His name was Snap. He had some Siamese in there somewhere because he had huge blue eyes and a white body with orange fur on his ears, tail and feet – a color we call “flame point.”
A stunning kitten, he was all male: big, rangy body with long legs, on the prowl to explore my exam room as soon as he was set free from his carrier. Outgoing, slightly aggressive, he was not a cat to take well to indoor confinement.
Fortunately, Snap’s owners had a large yard and felt their kitten could grow up there safely. No animal is bred to live a life totally indoors, never seeing the sunshine.
Snap grew quickly, losing his first kitten baby tooth as he approached 4 months of age. Most kittens gain about 1 pound a month as they grow, but Snap gained more – he was going to be big.
His owners reported that Snap, who got his name when he ran to them every time someone snapped their fingers, had added fetching to his repertoire. Green beans were a favorite for some odd reason.
Snap never ate the beans himself, but his family hated to be wasteful and found themselves researching new green bean recipes as they tried to keep up with his passion. Thanksgiving was the only time of year they could look forward to without guilt (add canned mushroom soup and French fried onions for a traditional casserole).
When Snap was neutered at about 6 months of age, he was just losing his baby fang (canine) teeth and looked quite adorable. Neutering helped to suppress his urge to wander and would markedly decrease the likelihood of fights with other cats, which in turn could expose him to diseases like feline leukemia, feline AIDS (not infectious to people) or problems like abscesses.
“Tomcats,” an old-fashioned expression for unaltered or intact male cats, can also develop “stud tail” – you don’t want this, folks, however manly the name may sound. It’s a greasy patch that dirties the hair of the upper tail. Yech.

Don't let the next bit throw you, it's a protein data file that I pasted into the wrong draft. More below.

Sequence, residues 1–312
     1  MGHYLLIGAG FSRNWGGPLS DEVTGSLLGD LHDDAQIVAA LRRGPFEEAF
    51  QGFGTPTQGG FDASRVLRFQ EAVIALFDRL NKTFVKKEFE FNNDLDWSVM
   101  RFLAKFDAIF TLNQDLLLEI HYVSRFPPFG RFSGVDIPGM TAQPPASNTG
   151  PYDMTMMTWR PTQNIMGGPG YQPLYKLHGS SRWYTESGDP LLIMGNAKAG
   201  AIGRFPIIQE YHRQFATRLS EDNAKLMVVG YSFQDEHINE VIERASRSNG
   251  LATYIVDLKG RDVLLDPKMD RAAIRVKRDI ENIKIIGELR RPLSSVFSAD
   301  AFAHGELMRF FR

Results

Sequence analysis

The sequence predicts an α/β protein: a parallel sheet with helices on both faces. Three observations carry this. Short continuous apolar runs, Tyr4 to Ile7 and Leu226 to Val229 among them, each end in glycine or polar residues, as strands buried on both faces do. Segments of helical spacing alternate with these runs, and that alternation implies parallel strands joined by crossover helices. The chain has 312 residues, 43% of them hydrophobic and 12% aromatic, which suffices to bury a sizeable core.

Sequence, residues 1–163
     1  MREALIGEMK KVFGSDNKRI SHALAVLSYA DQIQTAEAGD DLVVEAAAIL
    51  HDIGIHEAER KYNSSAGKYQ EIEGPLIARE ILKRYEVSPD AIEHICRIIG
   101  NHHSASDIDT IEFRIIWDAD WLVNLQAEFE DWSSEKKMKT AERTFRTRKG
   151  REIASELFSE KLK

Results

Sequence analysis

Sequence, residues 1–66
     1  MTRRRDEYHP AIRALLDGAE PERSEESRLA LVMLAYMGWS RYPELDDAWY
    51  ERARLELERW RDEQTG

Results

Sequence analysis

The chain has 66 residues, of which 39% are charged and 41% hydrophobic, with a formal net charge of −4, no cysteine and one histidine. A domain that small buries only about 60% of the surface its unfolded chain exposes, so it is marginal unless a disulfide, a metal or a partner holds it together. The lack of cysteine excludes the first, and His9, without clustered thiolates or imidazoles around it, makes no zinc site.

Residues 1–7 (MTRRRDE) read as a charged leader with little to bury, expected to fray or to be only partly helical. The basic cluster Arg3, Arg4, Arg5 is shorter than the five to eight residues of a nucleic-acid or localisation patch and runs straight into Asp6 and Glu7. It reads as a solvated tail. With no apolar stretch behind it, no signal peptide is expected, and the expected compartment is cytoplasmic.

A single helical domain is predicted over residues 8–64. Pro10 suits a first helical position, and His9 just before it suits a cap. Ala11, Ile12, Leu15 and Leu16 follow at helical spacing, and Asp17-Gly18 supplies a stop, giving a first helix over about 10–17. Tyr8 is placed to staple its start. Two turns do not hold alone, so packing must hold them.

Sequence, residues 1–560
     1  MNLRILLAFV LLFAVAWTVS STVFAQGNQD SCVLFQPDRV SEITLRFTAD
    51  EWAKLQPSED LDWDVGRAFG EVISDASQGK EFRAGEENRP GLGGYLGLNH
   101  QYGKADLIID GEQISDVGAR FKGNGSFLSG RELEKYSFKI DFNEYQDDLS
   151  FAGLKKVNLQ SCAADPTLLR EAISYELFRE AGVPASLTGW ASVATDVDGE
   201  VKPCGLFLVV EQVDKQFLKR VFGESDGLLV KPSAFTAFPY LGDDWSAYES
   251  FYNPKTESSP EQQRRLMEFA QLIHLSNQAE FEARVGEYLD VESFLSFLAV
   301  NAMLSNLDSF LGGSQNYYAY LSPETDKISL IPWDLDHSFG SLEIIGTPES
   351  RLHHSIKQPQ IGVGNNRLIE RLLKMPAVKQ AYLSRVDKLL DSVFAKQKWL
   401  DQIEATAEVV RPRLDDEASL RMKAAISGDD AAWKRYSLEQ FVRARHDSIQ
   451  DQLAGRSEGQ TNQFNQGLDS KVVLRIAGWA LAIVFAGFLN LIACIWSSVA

And the urine of an intact male cat has a unique smell that can only be called a “stench.” It’s hard to draw breath in the same room. The good news is that one surgery and the smell, the greasy tail and all just go away and you are left to enjoy your cat.
If the average cat weighs 10 pounds, Snap was out to prove that he was anything but average. By 2 years, he was 14 pounds of lean muscle, extremely athletic, and he enjoyed accompanying his owners on their nightly neighborhood walks.
He was a powerful hunter of toy mice. He could jump from a standstill straight up 10 feet. He talked frequently, expressing his disapproval if they were a little slow serving him breakfast. Snap had scheduled petting times and showed his displeasure if one was missed by turning his back to the family when they finally came home.
But one night it was Snap who didn’t come home.
The following day we received a phone call that he had been found and was being rushed down to the hospital. And oh, the look of him made our collective stomachs drop.
The beautiful fur was wet from mud and blood. His jaw hung crookedly and his nostrils were plugged with clots of blood. He was able to stand and even walk, though there were long scratches abrading one side of his body. It was obvious that Snap had been hit by a car, thrown through the air, and slid hard coming down. The broken face had been the site of impact.
Animals suffer from concussion the same as people. Snap’s pupils were pinpoint (meiotic) but he was responsive and even in a daze he was able to follow visual cues to show us he could still see.
We started him on IV fluids and shock therapy, and under gentle sedation assessed and cleaned his wounds, and took X-rays of his skull.
It was pretty bad. He had fractured the center of his lower jaw, so the right side of the mandible was split from the left. Worse, his upper jaw or maxilla had broken and the pieces shifted so that part of the roof of his mouth, the hard palate, was shoved upwards on the right, crunching into his nasal passage and sinus.
Oddly, the soft tissue of the hard palate, though bruised, was intact. We were able to wire the lower jaw together on the spot. There wasn’t much we could do about the roof of his mouth but wait and see. All the teeth still overlapped correctly, so he could close his mouth properly.
We inserted a feeding tube down his esophagus to the stomach and threaded it out the side of his neck to facilitate eating during recovery.
And what a recovery. By day three his pupils were normal and his attitude improving. By day five he was eating soft food on his own, so IV fluids and feeding tubes were removed.
Snap went home, returning to have the wire in his lower jaw removed six weeks later. Snap lived to be 15 years old. He never liked to have his mouth examined after all that and his face was a little crooked, but we knew he’d made it when he left a green bean on his owner’s pillow one night.
Christine McFadden holds a license to practice veterinary medicine and surgery. She has cared for the family pets of Merced at Valley Animal Hospital for more than 30years. Send questions or comments to email@example.com.